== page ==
Siam Pasta has been serving classic Thai dishes since 1993 with a focus on the bouquet of aromatic, fiery spices that give each dish its personality. Diners whet their appetites with nibbles of chicken satay or baby egg rolls before savoring plates of spicy, crispy duck or cashew chicken. The cooks also toss rice, glass, or egg noodles with barbecue pork, roast duck, and sauces that transform the dish into spicy crazy noodles, pad thai, or curried chicken pasta.
At School of Rock, working musicians help aspiring rockers master the fundamentals needed to perform everything from quaking drum beats to shredding guitar solos. During the Rock 101 program, students attend weekly private lessons and regular group rehearsals with the ultimate goal of stepping out on stage together for a final performance at a real local venue. Both locations also offer summer camps, including a term focused on songwriting and recording, at the end of which students step into an authentic studio to record songs on its high-tech gramophones.
We are a full service bike shop that serves a wide variety of customers, from road cycling enthusiasts, triathletes, and racers to commuters, students, and casual cyclists.
Come ride with us! Our knowledgeable staff will share their cycling experience to give you the best ride possible.
After the art of beading wrapped up Ayla Phillips Pizzo in its colorful embrace, she followed her passion to open Ayla's Originals, eventually creating her own line of jewelry, Ayla's Own, which has been featured in the Field Museum. On the walls of Ayla's shop, strings of Czech glass beads, gemstones, shells, and African beads boast enough colors to represent a rainbow or pay homage to a crayon collection. Filling the shop's floor space, cases brim with marcasite silver, oblong chunks of turquoise, and polished emeralds and sapphires. Bauble-stringing beginners can participate in regular classes taught by talented and worldly jewelry-smiths that concentrate on various curricula, from creating dewdrop bracelets to wire wrapping the hands of a diamond-store security guard.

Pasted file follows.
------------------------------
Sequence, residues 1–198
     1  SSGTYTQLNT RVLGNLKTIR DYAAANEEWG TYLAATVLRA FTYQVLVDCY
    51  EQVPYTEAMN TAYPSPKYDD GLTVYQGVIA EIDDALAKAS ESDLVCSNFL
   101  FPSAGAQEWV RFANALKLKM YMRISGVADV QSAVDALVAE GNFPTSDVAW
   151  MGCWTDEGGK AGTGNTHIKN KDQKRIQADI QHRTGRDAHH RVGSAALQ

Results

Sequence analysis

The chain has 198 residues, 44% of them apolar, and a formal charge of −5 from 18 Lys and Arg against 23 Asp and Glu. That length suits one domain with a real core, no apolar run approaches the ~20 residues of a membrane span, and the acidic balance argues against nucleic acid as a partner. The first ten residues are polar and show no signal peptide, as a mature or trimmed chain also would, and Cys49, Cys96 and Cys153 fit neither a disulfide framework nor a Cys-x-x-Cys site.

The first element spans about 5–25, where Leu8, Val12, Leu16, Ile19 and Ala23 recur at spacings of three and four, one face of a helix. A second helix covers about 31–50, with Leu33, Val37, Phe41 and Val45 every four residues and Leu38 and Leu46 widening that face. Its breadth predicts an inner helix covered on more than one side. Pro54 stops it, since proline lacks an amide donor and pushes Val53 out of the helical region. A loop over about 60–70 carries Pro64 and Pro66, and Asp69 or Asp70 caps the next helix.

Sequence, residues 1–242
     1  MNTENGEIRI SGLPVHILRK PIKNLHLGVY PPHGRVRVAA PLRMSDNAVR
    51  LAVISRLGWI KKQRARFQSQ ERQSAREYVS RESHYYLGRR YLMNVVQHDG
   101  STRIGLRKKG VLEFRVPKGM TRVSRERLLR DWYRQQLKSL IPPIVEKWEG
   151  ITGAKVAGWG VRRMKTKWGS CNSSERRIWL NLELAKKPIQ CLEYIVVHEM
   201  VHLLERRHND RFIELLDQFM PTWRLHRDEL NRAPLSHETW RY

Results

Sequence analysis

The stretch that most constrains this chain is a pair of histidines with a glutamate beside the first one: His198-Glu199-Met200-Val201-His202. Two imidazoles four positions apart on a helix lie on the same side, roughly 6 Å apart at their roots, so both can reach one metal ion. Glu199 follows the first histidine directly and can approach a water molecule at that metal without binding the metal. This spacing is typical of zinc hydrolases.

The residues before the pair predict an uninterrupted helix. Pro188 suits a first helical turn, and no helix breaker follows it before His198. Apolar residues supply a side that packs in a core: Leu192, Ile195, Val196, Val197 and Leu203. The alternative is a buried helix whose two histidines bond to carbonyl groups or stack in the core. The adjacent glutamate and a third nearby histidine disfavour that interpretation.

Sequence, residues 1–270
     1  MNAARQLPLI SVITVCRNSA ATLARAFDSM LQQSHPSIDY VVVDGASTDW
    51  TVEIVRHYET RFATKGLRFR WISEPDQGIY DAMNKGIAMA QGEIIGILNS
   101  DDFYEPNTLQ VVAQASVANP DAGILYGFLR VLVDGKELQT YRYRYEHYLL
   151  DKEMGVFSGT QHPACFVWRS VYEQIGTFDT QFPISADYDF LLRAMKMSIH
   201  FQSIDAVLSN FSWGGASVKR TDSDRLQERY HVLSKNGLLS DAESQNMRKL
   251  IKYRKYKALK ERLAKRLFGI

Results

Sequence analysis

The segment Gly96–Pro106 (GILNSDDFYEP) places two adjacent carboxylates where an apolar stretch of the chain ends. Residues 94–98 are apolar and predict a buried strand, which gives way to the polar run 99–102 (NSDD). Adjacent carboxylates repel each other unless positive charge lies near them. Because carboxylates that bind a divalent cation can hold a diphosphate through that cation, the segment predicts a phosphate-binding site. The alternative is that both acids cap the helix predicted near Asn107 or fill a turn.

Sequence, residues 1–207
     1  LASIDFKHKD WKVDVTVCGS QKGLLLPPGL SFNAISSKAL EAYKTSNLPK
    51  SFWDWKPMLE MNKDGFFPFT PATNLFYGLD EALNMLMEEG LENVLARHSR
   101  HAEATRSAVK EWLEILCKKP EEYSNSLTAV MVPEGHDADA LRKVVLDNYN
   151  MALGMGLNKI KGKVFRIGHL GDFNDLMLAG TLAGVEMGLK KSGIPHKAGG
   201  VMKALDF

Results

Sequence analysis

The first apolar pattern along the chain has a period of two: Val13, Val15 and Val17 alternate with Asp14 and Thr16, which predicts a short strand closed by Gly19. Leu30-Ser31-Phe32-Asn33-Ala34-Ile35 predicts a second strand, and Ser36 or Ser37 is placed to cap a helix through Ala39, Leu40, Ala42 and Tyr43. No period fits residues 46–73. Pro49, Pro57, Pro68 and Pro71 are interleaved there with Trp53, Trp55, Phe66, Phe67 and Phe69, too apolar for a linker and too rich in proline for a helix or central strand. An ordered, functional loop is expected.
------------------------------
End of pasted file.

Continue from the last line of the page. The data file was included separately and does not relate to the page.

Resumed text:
With live jazz music, USDA Prime steaks aged at least 21 days, and the freshest of seafood, Pete Miller's Seafood & Prime Steak is a living tribute to the colorful life of Harold “Pete” Miller. Miller grew up an avid hunter, studied History in college, and earned a Purple Heart as a marine in WWII. He even spent time slinging hats, before eventually settling on becoming a music salesman—a profession that would ignite his love of jazz and lead him to the rhythm-rich city of Chicago. Once settled, he discovered the Davis Street Fishmarket in Evanston where he became a regular, albeit outspoken, patron. He incessantly offered recommendations and recipe suggestions, eventually inciting the chef to hand him an apron and shout, “Do it yourself if you think you know so much!” Miller accepted the challenge and kicked off his culinary career with his usual flair and spontaneity.
Today, the pair of restaurants proudly carrying his name keep his legacy alive, hosting live jazz almost every night of the week, just like he would have wanted. In addition to the regular dinner menu, which features the likes of whole steamed lobsters and bone-in fillets, there’s also a bar menu that boasts more casual eats, such as burgers and sandwiches dressed in khaki slacks. The Wheeling location’s 250-seat patio features a granite bar with room for 50 people, as well as three huge fireplaces.
The father-and-daughter owners of Factory Vintage Clothing curate a collection of vintage apparel and accessories from the 1930s to the 1980s, earning attention from costumers at Steppenwolf and the Goodman Theater as well as staff at film companies. Clients can accessorize vintage frocks ($12–$300) such as the 1950s red-satin holiday dress ($48) with bangle bracelets ($3–$9) or the 1950s white-sequin holiday clutch ($20), which catches looks with a surface as glitzy as a bedazzled snowflake. A sequin-cardinal tacky holiday cardigan ($31) adorns merrymakers at themed holiday parties, and customers can dispose of incriminating photos of pre-Christmas North Pole raids in a 1950s green-ceramic unicorn ashtray ($17). Or, to escape winter doldrums, shoppers can luau with a 1970s tropical neck tie ($16) and a 1960s yellow floral cotton hawaiian shirt ($37).